Private Banking in Switzerland Facing Fundamental Change

2009 bringing significantly lower earnings for Swiss private banks; wave of consolidations expected; despite the economic crisis and increasing regulatory pressure, Swiss private banks are sticking to their strategies.

Zurich, March 18, 2009—Top managers at Swiss private banks rank the current economic crisis as the most severe since 1924 and are operating on the presumption that there will be a wide-ranging wave of consolidation. This is the finding of a survey by the international strategy consultants Booz & Company among 20 top opinion leaders in Swiss private banking, looking at the current position in their industry. “The results are a warning to be cautious,” says Carlos Ammann, Managing Partner of Booz & Company in Switzerland. “While there is general agreement amongst the top private bankers interviewed on the extent of the crisis, at the same time they are demonstrating confidence that their own business model is not threatened. Furthermore, the majority of those interviewed judge that the strategy pursued to date will also enable them to gain market shares.” 
Further losses in earnings of up to 30% expected
The effects of the economic crisis are not fully reflected in the financial results 2008 of the Swiss private banks due to a very strong first half year, and a number of private banks have managed to benefit from significant capital inflows. Given massive losses in the value of assets under management and the significant erosion of margins, however, the biggest efforts to be made by the banks still lie ahead. In FY 2008, the private banks had to accommodate losses in earnings of around 20%. According to calculations by Booz & Company experts, unless there is a significant recovery in the financial markets in FY 2009, a further 30% contraction in earnings must be expected.
Realignment needed in offshore private banking
No one had expected a financial market crisis on this scale. Those interviewed are equally surprised by the determination and speed with which foreign governments are attacking banking secrecy in Switzerland. The reactions of the market players are very different: for the megabanks operating worldwide, business involving undeclared assets has long been up for reassessment – here, it is the operative risks and the concern about loss of reputation which are the main considerations. For the medium-sized and small private banks, protection of privacy has traditionally been a key part of their business philosophy – and these market players are correspondingly challenged by the latest demands, since in addition they often lack the “multi-shoring capabilities” of the megabanks. The example of other offshore centres, however, makes it clear that clients are reacting very nervously to changes in the regulatory requirements.
The Booz & Company analysis distinguishes between three fundamental sets of issues which private banks need to consider very closely for their future strategy: which markets and customer segments should be served offshore? Where should a comprehensive cross-border range of services be offered? In which markets is onshore market handling sensible, and which market might even become a second “domestic market”?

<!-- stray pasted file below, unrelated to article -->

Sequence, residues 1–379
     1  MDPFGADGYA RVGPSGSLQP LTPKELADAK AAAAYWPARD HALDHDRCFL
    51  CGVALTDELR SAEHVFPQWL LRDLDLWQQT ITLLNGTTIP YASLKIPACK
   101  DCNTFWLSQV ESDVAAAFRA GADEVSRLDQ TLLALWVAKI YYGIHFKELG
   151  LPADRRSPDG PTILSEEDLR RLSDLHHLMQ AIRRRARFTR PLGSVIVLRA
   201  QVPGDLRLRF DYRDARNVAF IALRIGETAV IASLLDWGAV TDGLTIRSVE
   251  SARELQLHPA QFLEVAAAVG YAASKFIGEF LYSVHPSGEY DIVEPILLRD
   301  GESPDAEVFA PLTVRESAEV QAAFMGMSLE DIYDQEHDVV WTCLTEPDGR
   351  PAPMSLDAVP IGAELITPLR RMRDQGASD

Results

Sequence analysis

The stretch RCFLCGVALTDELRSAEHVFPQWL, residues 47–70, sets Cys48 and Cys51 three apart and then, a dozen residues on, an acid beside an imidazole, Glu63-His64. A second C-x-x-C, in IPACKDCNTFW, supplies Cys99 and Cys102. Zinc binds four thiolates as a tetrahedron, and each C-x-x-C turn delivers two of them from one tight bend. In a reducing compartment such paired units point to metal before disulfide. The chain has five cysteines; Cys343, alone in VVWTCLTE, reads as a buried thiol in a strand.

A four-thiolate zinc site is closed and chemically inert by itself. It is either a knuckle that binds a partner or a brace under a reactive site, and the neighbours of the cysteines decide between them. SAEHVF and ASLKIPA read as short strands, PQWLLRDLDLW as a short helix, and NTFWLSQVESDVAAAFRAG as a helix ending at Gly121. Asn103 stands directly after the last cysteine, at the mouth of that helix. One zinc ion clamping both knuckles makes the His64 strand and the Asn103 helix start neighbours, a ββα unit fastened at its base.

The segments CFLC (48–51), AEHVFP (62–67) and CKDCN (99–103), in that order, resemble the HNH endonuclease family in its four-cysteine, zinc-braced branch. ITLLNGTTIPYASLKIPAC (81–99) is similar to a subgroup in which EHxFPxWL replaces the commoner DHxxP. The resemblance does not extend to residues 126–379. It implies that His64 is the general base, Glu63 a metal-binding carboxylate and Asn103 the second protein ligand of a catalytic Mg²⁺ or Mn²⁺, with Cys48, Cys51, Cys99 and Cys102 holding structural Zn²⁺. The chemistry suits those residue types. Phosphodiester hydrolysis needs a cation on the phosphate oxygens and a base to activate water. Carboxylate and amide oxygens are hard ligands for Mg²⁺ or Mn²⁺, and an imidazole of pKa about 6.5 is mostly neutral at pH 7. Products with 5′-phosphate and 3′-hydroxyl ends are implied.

The large private banks have already made significant investments in “onshore” representations. However, individual locations need to be re-evaluated with a view to the changed market conditions.
Cost pressure is increasing, and further consolidation lies ahead
Due to the changed earnings situation, the private banks face the challenge of further reducing the cost base. “The variable elements of pay are proving to be very helpful in the downturn, as it enables the cost base to be reduced in the short term. However, further and even more far-reaching cuts are needed to ensure long-term profitability,” explains Andreas Lenzhofer, Principal at Booz & Company in Zurich who oversaw this survey. All those interviewed believe that private banks without a clearly-defined profile or with an unclear ownership structure cannot survive, and that scale-driven mergers to preserve profitability are inevitable.
“That said, in view of the major challenges being faced, it should not be forgotten that so far Switzerland as a base for business and finance in general – and the Swiss private banks (apart from the well-known exceptions) in particular – have survived the current financial crisis relatively well,” says Lenzhofer. “While those banks with a real or ‘perceived’ underwrite from the state are able to profit from massive inflows of cash, in many cases these funds are simply being parked with them and can be won back again with a comprehensive private banking services portfolio.”
Those interviewed agree that the early-warning systems of most private banks have proved of little help to date in understanding how the crisis came about and its effects. Booz & Company experts are therefore stressing the importance of thinking in scenarios and anticipating possible consequences, particularly in volatile times.
The study suggests that the banks need to develop strategies for the extreme cases, such as the complete and uncontrolled melt-down of banking secrecy. “Reflecting about a company’s own abilities can also open up new opportunities,” explains Ammann. “The knowledge and experience of the Swiss private banks in trans-border private banking are unique. These strengths can be expanded even further through suitable acquisitions and strategic alliances.”